In the areas of Syria that remain under government control, citizens went to the polls Tuesday to cast a ballot in what's being called a "blood election" by those opposed to the rule of President Bashar al-Assad.
The vote is expected to give Assad another seven-year term, despite three years of chaos and bloodshed wrought by an insurgency and the subsequent government crackdown, The New York Times reported.
Voters reported feeling intimidated into casting a ballot at one of the more than 9,000 polling stations. State employees were bussed to the ballot box and ordered to vote. "Government warplanes whooshed over the city, and shelling and airstrikes could be heard from some rebel-held suburbs," the Times reported. No deaths were reported.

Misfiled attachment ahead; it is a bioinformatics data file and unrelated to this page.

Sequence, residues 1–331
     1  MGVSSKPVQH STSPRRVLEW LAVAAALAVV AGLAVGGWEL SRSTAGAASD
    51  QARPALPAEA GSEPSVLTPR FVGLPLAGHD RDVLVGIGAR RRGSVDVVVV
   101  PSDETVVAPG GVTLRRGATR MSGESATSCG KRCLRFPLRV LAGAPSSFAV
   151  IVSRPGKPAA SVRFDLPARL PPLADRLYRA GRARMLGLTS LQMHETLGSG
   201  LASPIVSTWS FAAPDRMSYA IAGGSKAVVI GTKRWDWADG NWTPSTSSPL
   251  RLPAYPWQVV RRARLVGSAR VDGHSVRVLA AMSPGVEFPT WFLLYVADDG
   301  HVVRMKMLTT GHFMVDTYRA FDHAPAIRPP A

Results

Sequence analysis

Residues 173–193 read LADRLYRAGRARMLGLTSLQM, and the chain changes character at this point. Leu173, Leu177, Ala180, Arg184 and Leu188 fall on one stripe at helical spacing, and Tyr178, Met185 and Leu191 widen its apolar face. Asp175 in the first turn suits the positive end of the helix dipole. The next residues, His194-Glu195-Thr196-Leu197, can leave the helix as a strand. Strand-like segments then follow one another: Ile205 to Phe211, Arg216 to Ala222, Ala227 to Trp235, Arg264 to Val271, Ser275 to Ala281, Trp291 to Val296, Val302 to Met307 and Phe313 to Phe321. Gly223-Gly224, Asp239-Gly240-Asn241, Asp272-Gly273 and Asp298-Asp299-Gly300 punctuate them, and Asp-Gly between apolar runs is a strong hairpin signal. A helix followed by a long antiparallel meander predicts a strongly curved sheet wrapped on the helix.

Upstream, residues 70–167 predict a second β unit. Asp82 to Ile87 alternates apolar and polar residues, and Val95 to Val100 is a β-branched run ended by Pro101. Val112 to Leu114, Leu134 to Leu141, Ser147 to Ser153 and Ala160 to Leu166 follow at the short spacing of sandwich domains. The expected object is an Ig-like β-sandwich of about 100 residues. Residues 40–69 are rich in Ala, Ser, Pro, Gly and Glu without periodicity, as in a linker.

Citizens voted in the country's first election in more than five decades in which more than one candidate was on the ballot. Assad's opponents were little-known figures vetted by his government apparatus, "but both have praised him," the Times reported.
Though the outcome is a foregone conclusion, countless ballots won't be dropped in the box. Namely, those from the 160,000 who died in armed conflict over the past few years and the millions who have fled the country and live as refugees.
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